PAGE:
doTerra Formulations and Their Potential Risks When Taken Orally

Three doTerra Formulations and Their Potential Risks When Taken Orally

By Julie Zeise

            Having been first introduced to essential oils by friends that were just beginning to build businesses through doTerra I fully “bought” into everything doTerra had to say and sell. Now, five years later I have learned to be more discerning. I have been using oils myself and giving them to a few close friends over the past five years. Ill health had kept me mostly housebound, so I recently attended my first meeting several years. I immediately began to feel uncomfortable and to question the accuracy of the education that most doTerra representatives take as gospel. At that meeting it was recommended that people put OnGuard on their hands before handling new born babies, that everyone take two DDR prime softgels daily to maintain good health, and that Zendocrine is a perfect addition to a Spring Cleanse.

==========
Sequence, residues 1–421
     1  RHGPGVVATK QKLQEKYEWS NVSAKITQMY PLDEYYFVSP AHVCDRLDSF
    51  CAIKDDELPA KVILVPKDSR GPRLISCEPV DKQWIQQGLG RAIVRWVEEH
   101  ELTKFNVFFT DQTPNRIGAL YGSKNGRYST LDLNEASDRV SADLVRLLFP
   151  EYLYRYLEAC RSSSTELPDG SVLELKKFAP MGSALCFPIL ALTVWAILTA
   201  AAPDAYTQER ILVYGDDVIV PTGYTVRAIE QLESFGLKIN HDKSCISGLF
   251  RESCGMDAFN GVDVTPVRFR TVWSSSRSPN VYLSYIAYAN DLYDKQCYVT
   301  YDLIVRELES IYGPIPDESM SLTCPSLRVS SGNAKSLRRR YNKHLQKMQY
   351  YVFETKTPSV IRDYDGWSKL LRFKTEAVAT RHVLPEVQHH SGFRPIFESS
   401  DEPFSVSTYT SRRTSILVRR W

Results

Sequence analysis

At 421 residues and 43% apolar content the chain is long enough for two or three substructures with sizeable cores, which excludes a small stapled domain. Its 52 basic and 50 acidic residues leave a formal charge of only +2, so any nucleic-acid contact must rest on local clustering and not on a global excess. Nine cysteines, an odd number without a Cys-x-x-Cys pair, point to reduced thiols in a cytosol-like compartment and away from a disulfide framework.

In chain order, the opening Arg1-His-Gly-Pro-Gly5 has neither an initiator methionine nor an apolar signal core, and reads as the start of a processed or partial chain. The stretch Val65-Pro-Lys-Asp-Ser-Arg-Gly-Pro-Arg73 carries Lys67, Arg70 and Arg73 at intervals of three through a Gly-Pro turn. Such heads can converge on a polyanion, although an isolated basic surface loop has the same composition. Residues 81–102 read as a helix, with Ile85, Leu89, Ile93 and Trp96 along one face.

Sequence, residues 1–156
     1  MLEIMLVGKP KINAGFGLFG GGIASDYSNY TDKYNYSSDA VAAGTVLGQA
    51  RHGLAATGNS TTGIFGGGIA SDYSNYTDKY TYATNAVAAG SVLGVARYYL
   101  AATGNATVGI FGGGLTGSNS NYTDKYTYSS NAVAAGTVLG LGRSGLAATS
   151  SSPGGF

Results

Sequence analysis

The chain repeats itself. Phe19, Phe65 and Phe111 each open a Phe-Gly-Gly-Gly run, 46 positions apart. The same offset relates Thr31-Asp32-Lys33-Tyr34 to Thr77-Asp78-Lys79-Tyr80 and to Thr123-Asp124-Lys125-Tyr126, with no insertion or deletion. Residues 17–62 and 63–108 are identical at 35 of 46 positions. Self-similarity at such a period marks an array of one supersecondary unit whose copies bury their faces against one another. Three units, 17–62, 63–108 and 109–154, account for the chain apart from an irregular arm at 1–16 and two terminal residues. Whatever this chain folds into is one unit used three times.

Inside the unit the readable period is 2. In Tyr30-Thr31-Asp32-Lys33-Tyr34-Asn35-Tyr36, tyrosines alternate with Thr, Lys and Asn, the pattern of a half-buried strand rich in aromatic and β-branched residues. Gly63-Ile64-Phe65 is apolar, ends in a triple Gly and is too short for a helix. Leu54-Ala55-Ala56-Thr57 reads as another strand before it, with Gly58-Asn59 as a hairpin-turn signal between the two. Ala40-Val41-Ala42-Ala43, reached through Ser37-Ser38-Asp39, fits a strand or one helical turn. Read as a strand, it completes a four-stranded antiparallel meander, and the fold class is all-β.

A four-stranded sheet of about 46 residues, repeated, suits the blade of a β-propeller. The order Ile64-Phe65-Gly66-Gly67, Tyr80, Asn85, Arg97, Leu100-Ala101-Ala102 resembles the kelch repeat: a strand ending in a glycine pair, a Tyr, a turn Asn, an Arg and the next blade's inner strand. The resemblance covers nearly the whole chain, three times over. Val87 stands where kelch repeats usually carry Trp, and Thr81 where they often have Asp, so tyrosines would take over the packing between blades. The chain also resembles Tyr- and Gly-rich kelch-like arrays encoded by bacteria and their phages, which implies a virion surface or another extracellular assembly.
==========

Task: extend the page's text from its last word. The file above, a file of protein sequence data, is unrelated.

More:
No one at the meeting questioned any of these recommendations. Nor, in my opinion, did any of the people presenting at the meeting have the knowledge or education to be “prescribing” these powerful oils. That night I knew I no longer wanted to be known as a “doTerra representative.” I decided to educate myself on essential oils, the safest way to use them and for what purposes, and about how they impact the human body, mind, and spirit. I also wanted to look more closely at the three of the doTerra formulas that I had been using daily for the past six years.

The three formulas are DDR Prime, OnGuard softgels, and Slim & Sassy. I took two capsules a day of DDR and OnGuard and put multiple drops of Slim and Sassy (or other Citrus oils) in water once or twice a day. Here is a listing of the essential oils in each of these products.  DDR Prime contains Frankincense, Wild Orange, Lemongrass, Thyme, Summer Savory, Clove and Neroli. OnGuard is comprised of Wild Orange, Clove Bud, Black Pepper, Cinnamon Leaf and Bark, Eucalyptus, Oregano, Rosemary, and Melissa. Slim and Sassy includes Grapefruit, Lemon, Peppermint, Ginger and Cinnamon.